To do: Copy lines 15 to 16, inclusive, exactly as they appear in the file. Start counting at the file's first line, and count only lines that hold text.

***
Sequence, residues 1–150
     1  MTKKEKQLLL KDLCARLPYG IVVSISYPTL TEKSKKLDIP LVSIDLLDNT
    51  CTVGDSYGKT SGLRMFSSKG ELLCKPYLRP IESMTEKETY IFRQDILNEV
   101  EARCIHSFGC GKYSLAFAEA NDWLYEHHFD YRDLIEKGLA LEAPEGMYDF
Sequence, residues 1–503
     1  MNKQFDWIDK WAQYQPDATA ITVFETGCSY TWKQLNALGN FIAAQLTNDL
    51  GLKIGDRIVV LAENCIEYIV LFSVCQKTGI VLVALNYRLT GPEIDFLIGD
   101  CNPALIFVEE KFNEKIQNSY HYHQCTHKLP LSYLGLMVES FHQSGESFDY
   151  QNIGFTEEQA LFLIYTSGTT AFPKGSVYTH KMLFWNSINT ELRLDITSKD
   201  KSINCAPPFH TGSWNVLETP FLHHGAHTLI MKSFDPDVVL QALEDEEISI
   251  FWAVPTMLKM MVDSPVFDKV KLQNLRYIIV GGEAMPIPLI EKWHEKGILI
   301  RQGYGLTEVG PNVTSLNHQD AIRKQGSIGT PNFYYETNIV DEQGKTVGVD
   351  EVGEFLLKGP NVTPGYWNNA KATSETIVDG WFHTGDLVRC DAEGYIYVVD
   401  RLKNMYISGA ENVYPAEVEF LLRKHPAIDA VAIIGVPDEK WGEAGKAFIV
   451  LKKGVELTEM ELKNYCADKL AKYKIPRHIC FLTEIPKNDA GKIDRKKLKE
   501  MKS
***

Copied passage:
   451  LKKGVELTEM ELKNYCADKL AKYKIPRHIC FLTEIPKNDA GKIDRKKLKE
   501  MKS